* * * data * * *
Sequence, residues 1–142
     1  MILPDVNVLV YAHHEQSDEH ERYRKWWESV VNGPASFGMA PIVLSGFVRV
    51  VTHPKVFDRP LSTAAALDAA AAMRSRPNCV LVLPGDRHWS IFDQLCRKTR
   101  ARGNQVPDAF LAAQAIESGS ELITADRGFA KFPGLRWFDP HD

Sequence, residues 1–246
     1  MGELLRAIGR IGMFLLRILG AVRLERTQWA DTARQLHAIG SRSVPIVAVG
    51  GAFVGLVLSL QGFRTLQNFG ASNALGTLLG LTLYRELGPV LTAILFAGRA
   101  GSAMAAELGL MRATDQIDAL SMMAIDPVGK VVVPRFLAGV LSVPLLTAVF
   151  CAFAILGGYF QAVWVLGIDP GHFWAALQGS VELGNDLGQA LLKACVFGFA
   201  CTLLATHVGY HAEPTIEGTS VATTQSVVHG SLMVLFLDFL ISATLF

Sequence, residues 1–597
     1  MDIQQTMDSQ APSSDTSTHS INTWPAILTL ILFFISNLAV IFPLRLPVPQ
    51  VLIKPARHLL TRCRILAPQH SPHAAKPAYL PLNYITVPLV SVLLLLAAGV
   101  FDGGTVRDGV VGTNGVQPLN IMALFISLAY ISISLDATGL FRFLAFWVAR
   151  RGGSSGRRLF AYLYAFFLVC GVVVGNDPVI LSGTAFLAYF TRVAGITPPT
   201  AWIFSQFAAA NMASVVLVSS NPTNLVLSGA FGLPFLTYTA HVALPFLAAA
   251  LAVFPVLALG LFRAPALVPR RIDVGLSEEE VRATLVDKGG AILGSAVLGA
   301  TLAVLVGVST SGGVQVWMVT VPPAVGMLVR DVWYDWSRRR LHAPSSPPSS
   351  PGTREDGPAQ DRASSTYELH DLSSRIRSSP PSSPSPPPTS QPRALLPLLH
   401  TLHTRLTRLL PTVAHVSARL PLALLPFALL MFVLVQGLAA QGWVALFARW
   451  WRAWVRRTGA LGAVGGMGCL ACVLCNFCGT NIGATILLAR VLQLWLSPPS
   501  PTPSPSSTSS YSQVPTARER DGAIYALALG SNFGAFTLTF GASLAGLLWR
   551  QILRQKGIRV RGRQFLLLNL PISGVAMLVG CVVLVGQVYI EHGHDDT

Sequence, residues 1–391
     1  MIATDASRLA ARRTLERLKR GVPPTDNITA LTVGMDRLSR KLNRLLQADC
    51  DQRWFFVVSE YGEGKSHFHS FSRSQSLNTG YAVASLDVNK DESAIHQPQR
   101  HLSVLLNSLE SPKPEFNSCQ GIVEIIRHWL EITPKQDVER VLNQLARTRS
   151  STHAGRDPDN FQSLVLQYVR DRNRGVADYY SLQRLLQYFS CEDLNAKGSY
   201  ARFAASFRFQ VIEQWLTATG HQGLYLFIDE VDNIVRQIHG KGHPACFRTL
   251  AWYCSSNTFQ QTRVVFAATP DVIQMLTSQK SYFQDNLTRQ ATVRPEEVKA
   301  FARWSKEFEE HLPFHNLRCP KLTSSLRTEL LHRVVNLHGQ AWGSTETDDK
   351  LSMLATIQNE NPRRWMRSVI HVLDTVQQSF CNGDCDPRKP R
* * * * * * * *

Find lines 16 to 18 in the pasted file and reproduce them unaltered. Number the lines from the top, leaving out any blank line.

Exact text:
   201  AWIFSQFAAA NMASVVLVSS NPTNLVLSGA FGLPFLTYTA HVALPFLAAA
   251  LAVFPVLALG LFRAPALVPR RIDVGLSEEE VRATLVDKGG AILGSAVLGA
   301  TLAVLVGVST SGGVQVWMVT VPPAVGMLVR DVWYDWSRRR LHAPSSPPSS